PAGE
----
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@Gryphon has made me aware of this The Least Interesting Substance It is very close but I need a planet that can form naturally. Would any of the substances mentioned in answers to that question be realistic for a planetary body that had formed naturally?

The Planet Boros

I wish to create an incredibly boring world. It was visited once during a Galactic Survey but it was declared so boring that no-one has ever visited it since.

Question - Part 1

How can I have a realistic planet?

In Part 1 I am particularly concerned with the surface of the planet. I need a surface that (a) is unreactive (b) contains no useful minerals or sources of energy (c) does not create interesting (i.e. large) impact craters (d) is preferably of a grey or other neutral colour.

What substance should this surface be made of? Most importantly it needs to be able to form naturally.


Notes in response to comments

This is a dead planet with no possibility of supporting life. If water can be avoided completely then that is all to the good. Dry dust would be optimal. Preferably an atmosphere to blow the landscape flat and remove craters.

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    $\begingroup$ Comments are not for extended discussion; this conversation has been moved to chat. $\endgroup$ – L.Dutch - Reinstate Monica Feb 23 at 18:37
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    $\begingroup$ It's impossible to create the most boring planet. Imagine that this planet was more boring than any other planet in the universe. Hey! That's pretty interesting! A skilled marketer could easily turn "the most boring planet in the universe" into a tourist trap. $\endgroup$ – Arcanist Lupus Feb 24 at 4:36
  • $\begingroup$ @Arcanist Lupus - Well yes I know about the Least interesting number paradox - en.wikipedia.org/wiki/Interesting_number_paradox - but this is different. There are many planets similar to this one and that is part of its boringness. People might look at Boros on video out of curiosity but it's about as interesting as watching paint dry. No-one would pay their life savings to go there when there are so many beautiful planets to see that are much nearer. The least interesting number can be read about on Wikipedia for virtually zero cost. $\endgroup$ – chasly from UK Feb 24 at 9:13
  • $\begingroup$ What does "is unreactive" mean? Chemically? Would not support life? Nothing happens in contact with an atmosphere? $\endgroup$ – Gimelist Feb 24 at 12:26
  • $\begingroup$ @Gimelist - All of those if possible. Definitely no life. That would be far too interesting! $\endgroup$ – chasly from UK Feb 24 at 12:28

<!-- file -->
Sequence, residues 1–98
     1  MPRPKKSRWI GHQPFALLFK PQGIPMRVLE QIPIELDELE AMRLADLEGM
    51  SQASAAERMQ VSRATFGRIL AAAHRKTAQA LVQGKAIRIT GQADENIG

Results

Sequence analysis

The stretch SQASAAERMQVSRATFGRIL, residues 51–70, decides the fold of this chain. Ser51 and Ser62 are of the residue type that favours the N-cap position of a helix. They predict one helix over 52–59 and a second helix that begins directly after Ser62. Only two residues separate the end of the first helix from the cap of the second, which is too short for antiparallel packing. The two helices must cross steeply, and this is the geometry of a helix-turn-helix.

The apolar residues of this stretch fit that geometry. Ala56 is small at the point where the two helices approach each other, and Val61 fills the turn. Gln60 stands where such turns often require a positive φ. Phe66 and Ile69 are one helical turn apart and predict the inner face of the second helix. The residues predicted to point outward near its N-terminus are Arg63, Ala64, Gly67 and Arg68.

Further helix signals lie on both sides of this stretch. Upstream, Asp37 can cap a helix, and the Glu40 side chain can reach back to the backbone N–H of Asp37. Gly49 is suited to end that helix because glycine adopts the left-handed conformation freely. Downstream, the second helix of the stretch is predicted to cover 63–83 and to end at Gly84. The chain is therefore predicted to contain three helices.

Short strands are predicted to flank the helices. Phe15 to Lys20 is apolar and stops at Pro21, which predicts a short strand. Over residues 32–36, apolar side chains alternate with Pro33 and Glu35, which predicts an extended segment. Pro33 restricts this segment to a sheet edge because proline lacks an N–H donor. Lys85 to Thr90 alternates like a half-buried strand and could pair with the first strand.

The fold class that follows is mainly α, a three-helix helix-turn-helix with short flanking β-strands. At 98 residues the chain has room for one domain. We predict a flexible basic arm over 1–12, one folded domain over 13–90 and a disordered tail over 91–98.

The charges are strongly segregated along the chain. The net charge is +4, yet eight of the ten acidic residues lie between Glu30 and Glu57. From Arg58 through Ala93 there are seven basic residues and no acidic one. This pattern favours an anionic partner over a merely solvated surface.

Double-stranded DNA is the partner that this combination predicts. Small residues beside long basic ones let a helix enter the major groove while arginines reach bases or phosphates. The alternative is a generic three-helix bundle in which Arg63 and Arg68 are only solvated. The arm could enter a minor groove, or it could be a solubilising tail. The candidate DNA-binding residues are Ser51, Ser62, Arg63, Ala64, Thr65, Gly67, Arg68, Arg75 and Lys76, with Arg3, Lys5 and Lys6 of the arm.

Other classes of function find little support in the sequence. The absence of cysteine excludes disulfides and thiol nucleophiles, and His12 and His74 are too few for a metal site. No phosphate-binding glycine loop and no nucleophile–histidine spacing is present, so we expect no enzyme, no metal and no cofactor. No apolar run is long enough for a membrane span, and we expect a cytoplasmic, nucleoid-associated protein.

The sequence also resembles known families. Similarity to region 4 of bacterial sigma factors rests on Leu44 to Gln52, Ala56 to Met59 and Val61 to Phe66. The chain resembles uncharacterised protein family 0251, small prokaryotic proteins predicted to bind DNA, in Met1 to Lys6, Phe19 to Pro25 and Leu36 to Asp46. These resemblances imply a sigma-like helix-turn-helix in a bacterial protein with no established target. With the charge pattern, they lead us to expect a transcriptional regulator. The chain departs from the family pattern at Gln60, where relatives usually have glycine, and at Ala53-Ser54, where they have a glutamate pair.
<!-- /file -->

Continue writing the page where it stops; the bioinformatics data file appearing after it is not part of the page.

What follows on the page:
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ICE

You want a pure ice planet. Let's look at your criteria:

(a) is unreactive

The surface is ice. Ice is unreactive. Liquid water is extremely reactive, but ice is pretty much inert. It will not be able to support life. It will not be able to dissolve or corrode anything. So yea - unreactive.

(b) contains no useful minerals or sources of energy

Ice is probably one of the most abundant materials in any solar system. Although useful, it is not unique to the planet. No one is going to mine ice from an ice planet, because it's easier to get it elsewhere. H2O might be considered as a source of energy because you can split it to hydrogen and oxygen, but that's really far reaching. Energy is useful to power stuff, and if there's nothing to power, no need to split the water.

(c) does not create interesting (i.e. large) impact craters

The impacts will make craters, but they will freeze soon after after it flows in to fill the water. So no craters.

(d) is preferably of a grey or other neutral colour

Ice is neutral. It will reflect whatever is being shined on it, with some blue tinge if sufficiently clear.

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  • $\begingroup$ Thanks - I'm a little concerned that a planet of pure ice would be quite spectacular to look at. Also could such a thing realistically form? $\endgroup$ – chasly from UK Feb 24 at 12:42
  • $\begingroup$ @chaslyfromUK is a featureless white ball spectacular? It’s subjective, but probably not as much as things like earth or mars. And yes, we have one in our solar system. It’s called Europa. $\endgroup$ – Gimelist Feb 24 at 12:45
  • $\begingroup$ @chaslyfromUK not so spectacular: the ice would likely be covered in boring dust. The main "threat" to boredom would be that such a planet would naturally beg the question, "what could lie beneath the ice?" -- just as it happens with Europa. Yet, once satisfied that there's the expected boring silicate and maybe iron core too deep to do anything with, and nothing special (no life-bearing water oceans) hide just under the crust, anybody would just move on. I think this is the answer you were looking for. $\endgroup$ – LSerni Feb 24 at 14:31
  • $\begingroup$ Even better if it gets just warm enough to melt the surface a bit, so that it's continuously getting smoothed and polished. $\endgroup$ – Sherwood Botsford Feb 24 at 20:29
  • $\begingroup$ "The impacts will make craters, but they will freeze soon after after it flows in to fill the water. So no craters." What flows in? Do you mean tectonic activity? Crustal stress seems needed to produce the geysers which recover the cratered surface, and geysers seem to need a source. With crustal stress, you've likely got internal heating and subsequently potential liquid subcrustal oceans. $\endgroup$ – B.fox Feb 26 at 14:47
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Having found myself unable to come up with a plausible way of having a sizeable celestial body made entirely of boron compounds, I feel that your second best bet is achondrite. Dull grey, almost unreactive, unworthy of extraction from a planetary gravity well.